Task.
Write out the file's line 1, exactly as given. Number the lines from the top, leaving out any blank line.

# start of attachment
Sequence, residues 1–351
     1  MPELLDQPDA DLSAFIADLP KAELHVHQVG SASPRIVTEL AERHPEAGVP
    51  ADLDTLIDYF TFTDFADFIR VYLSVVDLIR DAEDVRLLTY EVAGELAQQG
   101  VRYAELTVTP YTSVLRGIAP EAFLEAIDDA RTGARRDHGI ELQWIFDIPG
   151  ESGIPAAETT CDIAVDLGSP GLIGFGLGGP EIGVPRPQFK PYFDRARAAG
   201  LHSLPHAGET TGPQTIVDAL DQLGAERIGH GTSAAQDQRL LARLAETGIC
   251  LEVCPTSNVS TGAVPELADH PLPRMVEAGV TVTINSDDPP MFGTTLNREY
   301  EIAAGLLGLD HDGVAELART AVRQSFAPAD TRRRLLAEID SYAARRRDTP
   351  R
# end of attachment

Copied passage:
Sequence, residues 1–351